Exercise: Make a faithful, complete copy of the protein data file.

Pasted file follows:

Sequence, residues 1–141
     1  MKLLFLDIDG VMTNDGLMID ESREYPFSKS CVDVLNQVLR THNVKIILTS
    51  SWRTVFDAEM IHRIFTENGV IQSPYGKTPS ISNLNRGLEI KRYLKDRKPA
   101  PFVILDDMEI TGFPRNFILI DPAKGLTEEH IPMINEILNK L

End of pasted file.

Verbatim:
Sequence, residues 1–141
     1  MKLLFLDIDG VMTNDGLMID ESREYPFSKS CVDVLNQVLR THNVKIILTS
    51  SWRTVFDAEM IHRIFTENGV IQSPYGKTPS ISNLNRGLEI KRYLKDRKPA
   101  PFVILDDMEI TGFPRNFILI DPAKGLTEEH IPMINEILNK L